Why not a CPA as President?

Murray Blum for PresidentWith the economy the most central issue, why not elect a CPA as President? A recent poll showed that 47% of our fellow citizens thought that the economy was the central issue of our country. So we elect lawyers to manage and direct our economy? Does this make any sense? Why not elect someone who can read a budget?

 
I love the scene in the movie, “Dave”, when Dave Kovic, acting as President, calls in his buddy, a nerdy accountant named Murray Blum, played by Charles Grodin, to find $650 million dollars in the budget to keep open shelters for the homeless. Do you recall what Murray says, reviewing the U.S. budget?
 
“I’ll tell you, Dave. I’ve been over this stuff a bunch of times. It just doesn’t add up. Who does these books? I mean, if I ran my business this way, I’d be out of business. “
 
However, in an hour or two over lunch (Blum loves bratwurst; no quiche for him), Blum finds the funds. Let’s face it: accountants are meat-and-potatoes kind of people; some lawyers can’t even spell that word…recall Dan Quayle. Accountants love the meat… they look at the numbers, add them up, and make certain they balance and whether or not one has the funds. Lawyers? Put two lawyers in a room, and you have a never-ending discussion…excuse me, debate. Put 100 lawyers in the Senate, and you have lots of endless discussions, and gridlock.
 
The perennial question is, can lawyers add? Maybe it has something to do with left side/right side of the brain, verbal and quantitative abilities being on opposite sides of our central synapsis unit. Lawyers can sure talk. And they can write better than us accountants. Do you recall those arrogant replies to your legal confirmations as a young public accountant, with their corrections of your spelling and grammar in red ink? And they can write—and write—endless tomes in that Swiftian language called “legalese”. But have you ever noticed their inability to compose correctly any reports dealing with money? Did you ever receive a bill from an attorney? I rest my case, my dear Perry.
 
Personally, I think accountants should govern the entire world. I’m tired of generals with degrees in war becoming dictators, and lawyers talking endlessly and gridlocking, and B-rated actors holding public office and reading scripts. Engineers are not suitable either: remember Hoover? Keep them building dams. If a prerequisite to being President was an accounting degree, our country would not be in debt for $12,297,657,622,986.34 as of 08:41:56 on 01/14/10, and owned by the Bank of China. Always the accountant.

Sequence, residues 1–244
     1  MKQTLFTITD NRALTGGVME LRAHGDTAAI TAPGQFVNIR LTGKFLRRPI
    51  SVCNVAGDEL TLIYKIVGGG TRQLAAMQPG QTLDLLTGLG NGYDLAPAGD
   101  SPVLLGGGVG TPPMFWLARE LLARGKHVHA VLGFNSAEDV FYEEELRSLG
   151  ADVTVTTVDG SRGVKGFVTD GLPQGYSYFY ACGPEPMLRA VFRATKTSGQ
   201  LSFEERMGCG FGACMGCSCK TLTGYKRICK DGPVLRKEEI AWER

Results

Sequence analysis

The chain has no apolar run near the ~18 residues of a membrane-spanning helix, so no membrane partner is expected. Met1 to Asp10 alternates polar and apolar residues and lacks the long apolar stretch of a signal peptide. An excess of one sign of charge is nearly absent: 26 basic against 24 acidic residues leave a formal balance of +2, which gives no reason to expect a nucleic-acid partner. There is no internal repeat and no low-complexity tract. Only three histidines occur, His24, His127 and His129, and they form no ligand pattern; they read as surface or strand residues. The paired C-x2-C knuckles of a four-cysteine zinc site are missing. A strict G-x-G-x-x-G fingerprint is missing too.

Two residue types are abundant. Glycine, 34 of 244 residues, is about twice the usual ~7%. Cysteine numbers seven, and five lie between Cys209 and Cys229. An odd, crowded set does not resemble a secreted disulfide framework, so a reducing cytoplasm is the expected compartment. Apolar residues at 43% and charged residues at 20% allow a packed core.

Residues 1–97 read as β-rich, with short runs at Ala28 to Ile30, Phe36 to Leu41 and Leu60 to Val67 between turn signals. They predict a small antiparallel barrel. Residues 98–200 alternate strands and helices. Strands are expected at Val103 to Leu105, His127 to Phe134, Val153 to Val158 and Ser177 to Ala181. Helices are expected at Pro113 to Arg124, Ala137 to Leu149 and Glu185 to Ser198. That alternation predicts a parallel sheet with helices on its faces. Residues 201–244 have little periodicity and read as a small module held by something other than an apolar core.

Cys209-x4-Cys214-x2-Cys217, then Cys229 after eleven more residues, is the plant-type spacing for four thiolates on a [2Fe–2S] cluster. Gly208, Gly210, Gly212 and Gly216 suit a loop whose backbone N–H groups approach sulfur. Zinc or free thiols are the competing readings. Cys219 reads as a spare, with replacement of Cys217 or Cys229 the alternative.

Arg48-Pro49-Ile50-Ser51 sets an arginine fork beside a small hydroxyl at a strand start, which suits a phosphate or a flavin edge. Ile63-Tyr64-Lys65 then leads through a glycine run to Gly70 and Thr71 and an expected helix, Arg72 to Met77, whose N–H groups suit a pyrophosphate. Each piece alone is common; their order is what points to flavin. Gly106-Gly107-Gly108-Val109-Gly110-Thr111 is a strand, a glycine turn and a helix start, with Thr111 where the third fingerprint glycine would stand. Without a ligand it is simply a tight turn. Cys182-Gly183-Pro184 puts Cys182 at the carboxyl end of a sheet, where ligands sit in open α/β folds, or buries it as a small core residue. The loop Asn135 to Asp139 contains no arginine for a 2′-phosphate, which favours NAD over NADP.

In 1964, I recall a speech at the Goldwater convention made by an actor who was to become President. The theme of his speech centered on our reckless government’s fiscal and tax policies, when our national debt was $311 billion dollars. When he took office in 1980, it was $907 billion dollars; when he left office in 1988, it was $2.6 trillion dollars. Never once did this President (excuse me, actor) present a balanced budget to the United States Congress. So much for actors on budgets and leadership. They can read the lines, but do they mean what they say?
 
Rest assured, an accountant means what he or she says. An accountant knows that a budget must balance. If an accountant were President, here is what you could expect:
 
  1. A balanced budget.
  2. No waste or pork (except for bratwurst).
  3. No needless wars: CPAs are geeks; we’re used to getting beaten up. And only “pay as you go” wars, which would end all wars immediately anyway. We’re broke!
  4. And press conferences not covered by the media. Why would CNN, FOX, MSNBC roll cameras and microphones to hear a CPA rattle off numbers for two hours? Rest assured, your NASCAR, football, baseball, or basketball game would never be interrupted for a Presidential press conference again.